Inflation woes have Canadians exasperated, fuming, and bracing

The high prices you are paying could stick around into 2023

Article content

Like the millions of Canadians stocking up on supplies or gassing up, Neil Bascombe can barely disguise his frustration.

Advertisement

Story continues below

Article content

Prices “keep going up and up, and then they relax a bit, and then it keeps going up — $1.50 for diesel even,” Bascombe said by the pumps.

With inflation running hot at an 18-year high, filling his Volkswagen with diesel is an exercise in disbelief.

“It’s crazy,” he fumed.

“They’re ripping us off. It’s a racketeering move. Gas, why does it go up on Thursday and Friday of every long weekend? It’s a racket and no one has the balls to call them on it.”

Toronto fruit stand owner Mario Aricci calls inflation as he sees it: “It’s ludicrous and it looks like there is no stopping it.”

Mario Aricci of Ponesse Foods at St. Lawrence Market said prices for his fruits and vegetables have skyrocketed recently and he has noticed a decline in clientele in the overall Market. Jack Boland/Toronto Sun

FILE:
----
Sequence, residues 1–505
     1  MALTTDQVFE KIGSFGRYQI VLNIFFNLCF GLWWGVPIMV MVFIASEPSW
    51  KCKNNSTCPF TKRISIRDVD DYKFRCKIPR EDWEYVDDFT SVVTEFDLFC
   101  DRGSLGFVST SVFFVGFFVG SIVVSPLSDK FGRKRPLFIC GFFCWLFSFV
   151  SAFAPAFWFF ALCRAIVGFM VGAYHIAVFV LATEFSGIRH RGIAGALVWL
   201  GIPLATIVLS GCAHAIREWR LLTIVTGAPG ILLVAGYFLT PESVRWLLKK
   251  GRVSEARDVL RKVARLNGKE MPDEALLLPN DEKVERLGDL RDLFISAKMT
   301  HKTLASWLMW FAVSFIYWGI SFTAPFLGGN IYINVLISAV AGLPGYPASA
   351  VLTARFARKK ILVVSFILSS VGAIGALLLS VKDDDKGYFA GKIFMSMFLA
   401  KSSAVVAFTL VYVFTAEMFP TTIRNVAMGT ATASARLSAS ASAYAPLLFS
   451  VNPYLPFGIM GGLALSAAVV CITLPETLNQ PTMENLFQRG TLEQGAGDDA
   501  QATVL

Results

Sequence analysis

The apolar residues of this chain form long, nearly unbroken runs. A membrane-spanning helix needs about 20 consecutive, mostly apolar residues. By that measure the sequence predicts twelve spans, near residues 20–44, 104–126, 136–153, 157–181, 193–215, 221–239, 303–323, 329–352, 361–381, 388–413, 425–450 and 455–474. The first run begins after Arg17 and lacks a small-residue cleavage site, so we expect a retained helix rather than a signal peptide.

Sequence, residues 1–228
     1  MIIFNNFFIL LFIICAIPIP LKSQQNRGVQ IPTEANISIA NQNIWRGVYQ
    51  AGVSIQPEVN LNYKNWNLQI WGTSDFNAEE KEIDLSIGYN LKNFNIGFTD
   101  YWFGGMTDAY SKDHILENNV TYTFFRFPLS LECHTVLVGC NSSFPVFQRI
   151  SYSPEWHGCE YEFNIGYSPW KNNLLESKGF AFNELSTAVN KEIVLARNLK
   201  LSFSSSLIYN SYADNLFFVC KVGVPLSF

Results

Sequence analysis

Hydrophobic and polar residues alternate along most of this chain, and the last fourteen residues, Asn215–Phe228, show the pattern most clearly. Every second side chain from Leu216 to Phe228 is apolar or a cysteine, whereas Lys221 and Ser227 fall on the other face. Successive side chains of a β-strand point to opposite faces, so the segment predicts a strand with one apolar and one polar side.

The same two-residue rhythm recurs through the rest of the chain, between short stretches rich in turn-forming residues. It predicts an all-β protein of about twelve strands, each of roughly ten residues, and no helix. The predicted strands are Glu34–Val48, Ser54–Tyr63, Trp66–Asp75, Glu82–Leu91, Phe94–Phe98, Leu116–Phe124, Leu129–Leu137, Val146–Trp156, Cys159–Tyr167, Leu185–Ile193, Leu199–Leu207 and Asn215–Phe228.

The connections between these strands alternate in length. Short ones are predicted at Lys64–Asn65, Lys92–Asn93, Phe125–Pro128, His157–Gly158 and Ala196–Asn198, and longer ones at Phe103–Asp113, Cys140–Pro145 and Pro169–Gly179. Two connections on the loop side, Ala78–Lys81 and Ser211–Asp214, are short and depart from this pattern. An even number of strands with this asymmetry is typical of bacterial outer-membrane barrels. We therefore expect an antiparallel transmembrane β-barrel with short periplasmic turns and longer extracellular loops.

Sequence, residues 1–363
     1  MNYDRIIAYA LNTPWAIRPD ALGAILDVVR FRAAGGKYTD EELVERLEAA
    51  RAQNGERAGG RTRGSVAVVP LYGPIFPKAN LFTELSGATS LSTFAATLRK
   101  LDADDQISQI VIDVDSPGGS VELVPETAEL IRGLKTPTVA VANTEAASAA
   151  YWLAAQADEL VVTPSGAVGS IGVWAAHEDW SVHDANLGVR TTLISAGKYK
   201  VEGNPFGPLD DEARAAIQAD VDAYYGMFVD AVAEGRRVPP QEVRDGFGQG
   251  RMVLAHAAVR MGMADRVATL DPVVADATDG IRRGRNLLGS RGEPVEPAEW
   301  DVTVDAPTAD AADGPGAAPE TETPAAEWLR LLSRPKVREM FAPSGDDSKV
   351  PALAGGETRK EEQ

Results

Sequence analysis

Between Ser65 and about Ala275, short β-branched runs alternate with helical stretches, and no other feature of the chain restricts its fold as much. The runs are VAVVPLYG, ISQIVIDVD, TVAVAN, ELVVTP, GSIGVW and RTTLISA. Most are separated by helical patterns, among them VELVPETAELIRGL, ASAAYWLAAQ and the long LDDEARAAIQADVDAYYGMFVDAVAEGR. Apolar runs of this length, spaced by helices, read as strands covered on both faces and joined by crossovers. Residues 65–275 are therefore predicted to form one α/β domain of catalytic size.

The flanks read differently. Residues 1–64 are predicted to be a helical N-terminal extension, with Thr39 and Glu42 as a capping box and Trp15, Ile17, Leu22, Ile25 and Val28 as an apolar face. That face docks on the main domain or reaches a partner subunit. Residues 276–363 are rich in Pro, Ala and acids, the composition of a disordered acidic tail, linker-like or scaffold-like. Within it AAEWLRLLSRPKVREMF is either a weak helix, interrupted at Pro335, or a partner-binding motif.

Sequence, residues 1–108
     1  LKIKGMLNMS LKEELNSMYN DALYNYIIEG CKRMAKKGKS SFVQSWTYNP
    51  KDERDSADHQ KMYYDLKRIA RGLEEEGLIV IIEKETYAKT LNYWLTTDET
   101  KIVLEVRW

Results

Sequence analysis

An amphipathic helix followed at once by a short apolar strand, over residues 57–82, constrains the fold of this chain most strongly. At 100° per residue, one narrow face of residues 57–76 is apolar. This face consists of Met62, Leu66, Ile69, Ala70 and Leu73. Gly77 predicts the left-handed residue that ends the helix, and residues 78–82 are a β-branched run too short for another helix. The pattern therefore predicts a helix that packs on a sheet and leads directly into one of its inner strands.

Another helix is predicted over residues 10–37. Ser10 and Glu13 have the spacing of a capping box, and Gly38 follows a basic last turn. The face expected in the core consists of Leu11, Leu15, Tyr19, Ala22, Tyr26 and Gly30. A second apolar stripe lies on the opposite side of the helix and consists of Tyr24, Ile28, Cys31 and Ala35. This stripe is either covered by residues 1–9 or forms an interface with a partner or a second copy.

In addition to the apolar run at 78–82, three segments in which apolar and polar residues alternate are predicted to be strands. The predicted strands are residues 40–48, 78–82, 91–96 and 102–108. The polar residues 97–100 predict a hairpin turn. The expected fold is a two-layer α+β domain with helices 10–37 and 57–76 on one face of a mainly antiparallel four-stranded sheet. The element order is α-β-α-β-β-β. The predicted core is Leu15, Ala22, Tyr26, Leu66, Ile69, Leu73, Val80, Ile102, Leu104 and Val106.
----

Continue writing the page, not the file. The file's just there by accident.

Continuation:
Mario Aricci of Ponesse Foods at St. Lawrence Market said prices for his fruits and vegetables have skyrocketed recently and he has noticed a decline in clientele in the overall Market. Jack Boland/Toronto Sun Photo by Jack Boland /Toronto Sun/Postmedia Network

Aricci said he can only raise prices so high before he risks bleeding customers to competitors.

“The profit margin shrinks, and if I increase my prices there are six other vendors in this building who sell the same product. I will lose. People will go shop somewhere else.”

Advertisement

Story continues below

Article content